Carlson Skunk Works

November 8th, 2013

AMF 14H MARANDA SN:1026 Making Sawdust November 8, 2013

Posted by Roger in AMF 14H Maranda SN1026, news

Wow! Another month has gone by since the last post. Well, I am still making progress, but have not taken many pictures of the steps that have occurred in the past few weeks. What I do have is project pictures and a report about the EAA Sportair Workshop that I attended in Dallas, TX on October 19 & 20. The experience was fun and I learned a great deal!

The EAA Sportair Workshops are presented at multiple locations around the country. This was my first workshop, but I am already considering attending another one as Sawdust progresses. I went to the Electrical Systems & Avionics course, but there were other courses being held at the same site at the same time.

I chose to go to the workshop in Dallas because I can get free lodging while I am there and can see my son and grandson at the same time. So I took some vacation and did the ten hour drive on Thursday afternoon so I could be with on a school outing on Friday with my grandson. I left Kearney just at noon and arrived at my son’s apartment at 10:30pm even with a supper stop at Braum’s on the north side of Oklahoma City. I can make pretty good time if I am by myself.

This is what I came home with from the workshop. The manual has lots of good information, includes a copy of every slide that the instructor talked to and notes about what he said. There is enough room around the edge of the slides to include quite a few notes. The hands on portion of the workshop provided instruction and practice of soldering and crimping and the theory portion helped me to understand why things need to be done in a particular way. The projects that I completed were mine to keep and take home with me. I should be able to reuse some of the parts.

The manual is really well done and has lots of additional material that will be useful for reference.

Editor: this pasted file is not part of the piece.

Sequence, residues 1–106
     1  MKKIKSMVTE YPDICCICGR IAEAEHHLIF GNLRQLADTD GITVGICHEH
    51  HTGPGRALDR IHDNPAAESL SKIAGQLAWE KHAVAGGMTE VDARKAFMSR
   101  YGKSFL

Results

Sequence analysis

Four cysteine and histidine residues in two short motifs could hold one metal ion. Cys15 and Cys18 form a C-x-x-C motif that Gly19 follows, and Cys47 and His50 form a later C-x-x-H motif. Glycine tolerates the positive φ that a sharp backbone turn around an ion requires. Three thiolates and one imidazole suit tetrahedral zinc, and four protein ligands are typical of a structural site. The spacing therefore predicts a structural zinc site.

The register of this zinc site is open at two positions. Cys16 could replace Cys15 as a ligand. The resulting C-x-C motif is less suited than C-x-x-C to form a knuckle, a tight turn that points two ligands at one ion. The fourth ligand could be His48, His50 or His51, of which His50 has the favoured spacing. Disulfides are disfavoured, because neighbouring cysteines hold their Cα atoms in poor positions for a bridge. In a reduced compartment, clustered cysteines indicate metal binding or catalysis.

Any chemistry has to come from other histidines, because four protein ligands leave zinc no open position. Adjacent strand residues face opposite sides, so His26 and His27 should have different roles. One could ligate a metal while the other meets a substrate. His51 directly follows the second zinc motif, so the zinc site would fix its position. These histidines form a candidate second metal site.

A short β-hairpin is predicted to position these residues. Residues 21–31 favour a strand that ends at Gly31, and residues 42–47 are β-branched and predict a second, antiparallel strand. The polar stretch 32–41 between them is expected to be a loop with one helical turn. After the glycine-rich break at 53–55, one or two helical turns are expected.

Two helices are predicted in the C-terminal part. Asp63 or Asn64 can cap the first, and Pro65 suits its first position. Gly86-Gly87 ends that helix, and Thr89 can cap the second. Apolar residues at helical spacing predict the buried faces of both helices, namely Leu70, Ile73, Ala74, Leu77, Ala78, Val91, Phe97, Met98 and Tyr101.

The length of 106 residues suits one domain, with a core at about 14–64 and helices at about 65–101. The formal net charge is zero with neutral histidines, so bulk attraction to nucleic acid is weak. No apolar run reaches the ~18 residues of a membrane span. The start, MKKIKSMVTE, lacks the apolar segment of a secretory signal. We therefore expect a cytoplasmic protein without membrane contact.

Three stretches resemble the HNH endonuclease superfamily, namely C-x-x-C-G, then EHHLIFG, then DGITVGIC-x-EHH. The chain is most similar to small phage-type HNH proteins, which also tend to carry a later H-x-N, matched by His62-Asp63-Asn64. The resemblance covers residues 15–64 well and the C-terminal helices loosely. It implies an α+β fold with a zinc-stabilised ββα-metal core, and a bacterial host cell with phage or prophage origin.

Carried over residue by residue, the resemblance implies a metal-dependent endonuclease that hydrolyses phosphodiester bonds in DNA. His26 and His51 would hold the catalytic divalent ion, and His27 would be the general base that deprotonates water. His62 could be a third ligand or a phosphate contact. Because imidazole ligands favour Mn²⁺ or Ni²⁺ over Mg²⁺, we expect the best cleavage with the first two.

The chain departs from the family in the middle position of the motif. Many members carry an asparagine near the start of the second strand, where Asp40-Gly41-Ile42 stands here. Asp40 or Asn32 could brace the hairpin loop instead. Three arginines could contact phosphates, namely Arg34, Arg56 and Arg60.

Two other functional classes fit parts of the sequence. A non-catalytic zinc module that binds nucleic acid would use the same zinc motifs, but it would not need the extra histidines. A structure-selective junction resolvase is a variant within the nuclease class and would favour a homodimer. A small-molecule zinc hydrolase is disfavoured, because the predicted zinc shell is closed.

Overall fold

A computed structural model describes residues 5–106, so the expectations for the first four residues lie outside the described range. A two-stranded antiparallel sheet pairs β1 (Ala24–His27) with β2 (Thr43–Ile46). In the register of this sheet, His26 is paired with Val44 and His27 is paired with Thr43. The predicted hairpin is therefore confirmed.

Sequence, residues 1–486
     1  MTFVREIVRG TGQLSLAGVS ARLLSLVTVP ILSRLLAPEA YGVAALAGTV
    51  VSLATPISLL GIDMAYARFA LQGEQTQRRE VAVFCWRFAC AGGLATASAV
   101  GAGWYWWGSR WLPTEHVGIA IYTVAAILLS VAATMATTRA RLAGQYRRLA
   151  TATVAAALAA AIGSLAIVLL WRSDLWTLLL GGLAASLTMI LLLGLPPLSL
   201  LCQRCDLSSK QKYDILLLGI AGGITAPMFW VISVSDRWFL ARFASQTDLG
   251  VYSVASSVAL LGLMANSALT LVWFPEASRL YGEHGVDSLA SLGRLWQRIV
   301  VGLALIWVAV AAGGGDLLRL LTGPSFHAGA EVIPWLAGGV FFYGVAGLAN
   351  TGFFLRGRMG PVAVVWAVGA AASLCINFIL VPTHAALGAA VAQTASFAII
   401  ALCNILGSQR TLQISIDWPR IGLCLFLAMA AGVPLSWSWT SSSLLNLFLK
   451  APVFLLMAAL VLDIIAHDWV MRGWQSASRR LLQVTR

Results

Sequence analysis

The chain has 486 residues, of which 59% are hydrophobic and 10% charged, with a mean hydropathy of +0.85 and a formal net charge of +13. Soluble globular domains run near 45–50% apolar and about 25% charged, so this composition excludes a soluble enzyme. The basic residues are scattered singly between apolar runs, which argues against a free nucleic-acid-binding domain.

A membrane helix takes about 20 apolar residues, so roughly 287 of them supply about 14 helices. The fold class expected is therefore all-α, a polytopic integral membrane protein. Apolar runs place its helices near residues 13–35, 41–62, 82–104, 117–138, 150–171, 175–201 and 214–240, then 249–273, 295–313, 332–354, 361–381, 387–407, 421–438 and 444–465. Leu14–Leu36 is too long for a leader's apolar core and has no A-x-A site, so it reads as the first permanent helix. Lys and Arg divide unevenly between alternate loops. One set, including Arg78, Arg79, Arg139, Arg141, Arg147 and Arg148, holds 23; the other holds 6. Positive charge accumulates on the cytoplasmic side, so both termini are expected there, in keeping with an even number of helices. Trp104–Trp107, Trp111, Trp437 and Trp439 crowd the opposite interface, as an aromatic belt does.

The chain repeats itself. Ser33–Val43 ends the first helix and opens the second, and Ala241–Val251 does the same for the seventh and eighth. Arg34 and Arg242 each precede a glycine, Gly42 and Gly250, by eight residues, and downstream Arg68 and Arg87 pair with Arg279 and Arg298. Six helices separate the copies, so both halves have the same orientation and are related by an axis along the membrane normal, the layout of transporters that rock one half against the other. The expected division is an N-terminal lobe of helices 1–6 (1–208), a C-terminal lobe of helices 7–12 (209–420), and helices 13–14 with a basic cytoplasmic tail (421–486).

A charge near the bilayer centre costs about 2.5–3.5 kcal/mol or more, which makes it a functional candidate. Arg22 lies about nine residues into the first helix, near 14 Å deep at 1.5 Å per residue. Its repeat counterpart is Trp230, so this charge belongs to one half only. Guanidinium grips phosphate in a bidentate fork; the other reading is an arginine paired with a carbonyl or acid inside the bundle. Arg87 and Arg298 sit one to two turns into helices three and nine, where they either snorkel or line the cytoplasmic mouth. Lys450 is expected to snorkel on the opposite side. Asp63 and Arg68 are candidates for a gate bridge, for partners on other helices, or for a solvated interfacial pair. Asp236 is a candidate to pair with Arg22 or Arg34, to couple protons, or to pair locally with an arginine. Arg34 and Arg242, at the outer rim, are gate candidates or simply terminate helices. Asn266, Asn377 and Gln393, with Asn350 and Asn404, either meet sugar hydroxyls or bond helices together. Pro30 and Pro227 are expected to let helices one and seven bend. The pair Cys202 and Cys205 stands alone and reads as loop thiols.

The first project was learning to use crimpers to connect wires together and to attach terminal ends. What I found really interesting was that using crimped connections is the preferred technique for aircraft wiring. My electronics background had me prejudiced toward soldering, but in our airplanes there is a lot of vibration and soldering the multi-strand wires that we use turns them into a solid wire which becomes quite susceptible to work hardening and breaking where there is vibration. Anyplace where the wires are soldered we need to add strain relief such as shrink tubing collars.

The second project was to wire up an intercom harness. We only wired it for one headset, but it gave us experience with crimping and soldering and applying shrink tubing and planning ahead. Be sure to put the shrink tube on the wire before you solder it to the connector, or you will have to unsolder it and put the shrink tubing on and re-solder it. This also provided experience working with shielded cables.

Sunday morning’s project was to install a BNC connector on a coax cable. This was a bit more involved and required some careful measuring, cutting, trimming and crimping. Not hard, just detailed.

The final project was to wire up a circuit by following a wiring schematic. This circuit simulated something that most people will end up doing in their planes. There is a switch that will turn on the navigation lights and the cockpit lights. If you need the cockpit lights it is probably dark enough that you will need the navigation lights, so one switch controls both. The cockpit lights may need to be dimmed, so there is a rheostat for dimming them. Each circuit needs to have a protective fuse so that a short in that circuit will not remove power from other, possibly more important, circuits. Therefore, there is a fuse in the circuit. Then there needs to be a power distribution bus and a power supply. Our power supplies were a AA battery that is in a holder on the underside of the chassis.

When the switch is turned on the lights come on.

Adjusting the rheostat dims the cabin light, but leaves the navigation lights on full.

I really enjoyed the class! They also had coffee and cookies available at the start of each day.

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